What if it's More Than Burnout?

John Krautzel
Posted by in Career Advice

If your job is overwhelming, you might feel exhausted, depressed or anxious. You might attribute these feelings to job burnout, which can be caused by overwork or stress. But what if these feelings stem from work-related trauma? What if these feelings are a result of some deeper underlying situation you might be experiencing at work?

Work-related trauma can occur if you have a bad boss and feel constantly berated and devalued as an employee. Some even refer to it as post-traumatic stress disorder. Whether you realize it or not, bad situations at work and can result in anger, trouble sleeping, depression, disconnection and physical ailments. For example, if you work for a nonprofit company or a business that tries to impart social change such as helping poor, sick or elderly people or assisting needy children, pets or others who are experiencing hardship or pain, the constant roadblocks or failures may outweigh the successes and bring you down and might make you feel depressed.

How to Combat Work-Related Trauma

One of the ways you can combat work-related trauma is by seeking support at work. Some companies may have programs that can help you cope with difficult emotional situations. But what if your company doesn't have anything formal in place? Chances are, if your co-workers face many of the same situations as you, they might also be experiencing work-related trauma. Consider relying on each other for support. Organize meetings where you can talk about your shared experiences and what is worrying you. Sometimes, just talking with someone else who knows what you're feeling can make you feel better.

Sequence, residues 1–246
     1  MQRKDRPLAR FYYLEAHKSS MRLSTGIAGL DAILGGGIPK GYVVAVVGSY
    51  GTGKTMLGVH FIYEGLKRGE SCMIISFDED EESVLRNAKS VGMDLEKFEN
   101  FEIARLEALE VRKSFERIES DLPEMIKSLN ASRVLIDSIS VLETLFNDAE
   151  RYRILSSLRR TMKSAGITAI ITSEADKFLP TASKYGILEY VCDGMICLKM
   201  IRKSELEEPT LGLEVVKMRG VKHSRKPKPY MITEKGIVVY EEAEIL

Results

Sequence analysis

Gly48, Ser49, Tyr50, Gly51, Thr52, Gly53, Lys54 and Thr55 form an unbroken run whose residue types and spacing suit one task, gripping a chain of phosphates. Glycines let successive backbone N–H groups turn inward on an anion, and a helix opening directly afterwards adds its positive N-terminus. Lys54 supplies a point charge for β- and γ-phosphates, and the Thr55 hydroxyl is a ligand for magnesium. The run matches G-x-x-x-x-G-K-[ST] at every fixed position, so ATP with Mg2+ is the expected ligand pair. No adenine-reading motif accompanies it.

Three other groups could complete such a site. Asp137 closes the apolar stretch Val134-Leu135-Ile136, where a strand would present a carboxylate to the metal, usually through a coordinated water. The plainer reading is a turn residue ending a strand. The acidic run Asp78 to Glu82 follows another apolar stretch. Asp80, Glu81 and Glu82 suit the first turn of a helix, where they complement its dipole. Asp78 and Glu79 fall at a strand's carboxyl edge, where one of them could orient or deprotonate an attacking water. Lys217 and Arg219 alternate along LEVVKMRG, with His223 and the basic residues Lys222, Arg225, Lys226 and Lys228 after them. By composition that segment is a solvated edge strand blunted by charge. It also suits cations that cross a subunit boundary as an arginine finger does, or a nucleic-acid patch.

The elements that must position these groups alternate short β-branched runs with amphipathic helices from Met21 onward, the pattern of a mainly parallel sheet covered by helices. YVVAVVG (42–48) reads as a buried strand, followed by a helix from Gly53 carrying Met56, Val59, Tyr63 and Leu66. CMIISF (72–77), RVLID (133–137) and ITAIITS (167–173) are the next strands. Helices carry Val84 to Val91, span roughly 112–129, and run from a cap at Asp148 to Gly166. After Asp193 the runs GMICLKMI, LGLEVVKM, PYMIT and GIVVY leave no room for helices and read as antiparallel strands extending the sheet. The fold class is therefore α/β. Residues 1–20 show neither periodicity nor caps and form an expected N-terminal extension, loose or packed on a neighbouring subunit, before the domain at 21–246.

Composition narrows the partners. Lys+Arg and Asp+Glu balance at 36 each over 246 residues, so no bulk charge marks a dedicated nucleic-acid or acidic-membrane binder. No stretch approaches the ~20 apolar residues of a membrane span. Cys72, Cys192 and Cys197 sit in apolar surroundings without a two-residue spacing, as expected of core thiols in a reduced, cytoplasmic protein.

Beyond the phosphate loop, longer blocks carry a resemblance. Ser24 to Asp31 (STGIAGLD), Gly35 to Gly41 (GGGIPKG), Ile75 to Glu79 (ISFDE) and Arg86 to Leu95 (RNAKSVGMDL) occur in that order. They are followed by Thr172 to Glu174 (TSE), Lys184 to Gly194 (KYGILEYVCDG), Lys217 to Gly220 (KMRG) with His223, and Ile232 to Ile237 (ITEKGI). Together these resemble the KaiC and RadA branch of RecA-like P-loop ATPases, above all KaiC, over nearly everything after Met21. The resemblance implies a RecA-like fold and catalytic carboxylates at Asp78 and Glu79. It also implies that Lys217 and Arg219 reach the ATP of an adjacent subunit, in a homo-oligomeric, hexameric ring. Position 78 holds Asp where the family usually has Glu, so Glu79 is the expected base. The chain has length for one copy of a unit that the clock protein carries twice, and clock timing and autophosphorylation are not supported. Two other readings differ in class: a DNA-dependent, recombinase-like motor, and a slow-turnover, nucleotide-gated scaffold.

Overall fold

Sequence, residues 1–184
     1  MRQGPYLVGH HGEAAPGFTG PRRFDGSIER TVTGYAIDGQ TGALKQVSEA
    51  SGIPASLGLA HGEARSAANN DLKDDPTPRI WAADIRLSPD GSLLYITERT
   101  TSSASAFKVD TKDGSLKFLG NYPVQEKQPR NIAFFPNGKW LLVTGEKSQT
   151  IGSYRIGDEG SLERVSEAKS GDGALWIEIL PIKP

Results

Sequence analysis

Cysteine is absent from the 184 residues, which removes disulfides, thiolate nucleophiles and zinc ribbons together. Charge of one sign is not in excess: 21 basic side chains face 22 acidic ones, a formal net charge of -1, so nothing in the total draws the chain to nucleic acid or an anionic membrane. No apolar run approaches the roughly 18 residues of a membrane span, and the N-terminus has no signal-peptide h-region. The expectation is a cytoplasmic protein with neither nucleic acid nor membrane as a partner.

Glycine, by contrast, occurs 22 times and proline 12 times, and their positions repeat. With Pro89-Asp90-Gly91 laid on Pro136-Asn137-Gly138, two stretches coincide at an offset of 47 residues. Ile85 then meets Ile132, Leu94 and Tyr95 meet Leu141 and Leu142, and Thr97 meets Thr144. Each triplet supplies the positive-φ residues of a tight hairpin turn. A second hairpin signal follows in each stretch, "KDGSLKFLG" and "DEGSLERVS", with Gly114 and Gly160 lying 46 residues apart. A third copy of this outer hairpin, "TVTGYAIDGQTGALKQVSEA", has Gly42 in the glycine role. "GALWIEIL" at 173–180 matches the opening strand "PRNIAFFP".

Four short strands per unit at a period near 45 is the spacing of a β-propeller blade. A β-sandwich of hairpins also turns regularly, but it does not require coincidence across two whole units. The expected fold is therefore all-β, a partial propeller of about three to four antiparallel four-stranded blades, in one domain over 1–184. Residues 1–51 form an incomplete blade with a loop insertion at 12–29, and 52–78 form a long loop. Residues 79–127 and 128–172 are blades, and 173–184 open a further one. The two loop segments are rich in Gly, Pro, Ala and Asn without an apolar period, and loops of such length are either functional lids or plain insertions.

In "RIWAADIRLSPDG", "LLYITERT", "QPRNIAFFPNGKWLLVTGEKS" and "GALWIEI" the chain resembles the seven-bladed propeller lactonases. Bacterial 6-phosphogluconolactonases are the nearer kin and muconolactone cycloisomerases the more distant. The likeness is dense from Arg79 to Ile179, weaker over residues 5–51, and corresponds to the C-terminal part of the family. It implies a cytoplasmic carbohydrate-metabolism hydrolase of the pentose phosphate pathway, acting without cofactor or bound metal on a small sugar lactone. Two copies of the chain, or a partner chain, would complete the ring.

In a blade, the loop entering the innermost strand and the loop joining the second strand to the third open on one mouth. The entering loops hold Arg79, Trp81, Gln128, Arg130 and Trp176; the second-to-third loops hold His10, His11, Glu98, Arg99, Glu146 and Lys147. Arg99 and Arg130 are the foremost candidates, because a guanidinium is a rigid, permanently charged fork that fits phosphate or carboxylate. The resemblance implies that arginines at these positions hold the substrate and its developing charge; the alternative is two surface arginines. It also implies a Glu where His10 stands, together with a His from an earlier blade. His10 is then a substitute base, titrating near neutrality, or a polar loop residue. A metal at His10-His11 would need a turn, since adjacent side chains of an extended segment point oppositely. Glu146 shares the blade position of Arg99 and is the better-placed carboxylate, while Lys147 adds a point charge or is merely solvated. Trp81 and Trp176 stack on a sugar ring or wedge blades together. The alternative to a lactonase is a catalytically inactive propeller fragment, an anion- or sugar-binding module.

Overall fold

When you work in social-impact organizations, it can seem like there's a lot of red tape stopping you from helping others, or maybe the people you are trying to help are the ones standing in your way. Rather than focus on the negatives, try to see the positives. You most likely enjoy what you do or you wouldn't be trying to help people, and you probably wouldn't work in your field. Think of the good aspects of your job, such as the times when you achieve success and are able to help those in need. While in your group meetings, try to brainstorm at how you can be a positive influence in the lives of those around you and how you can continue to help the people your organization serves.

Job burnout is common among people who are overworked and stressed. If you're feeling something more severe, it may be more than burnout. To deal with work-related trauma, use self-coping mechanisms, and rely on those around you for support. If your company doesn't offer a wellness plan, speak to your coworkers, and don't be afraid to ask them for support and encouragement.

Photo courtesy of Stuart Miles at FreeDigitalPhotos.net


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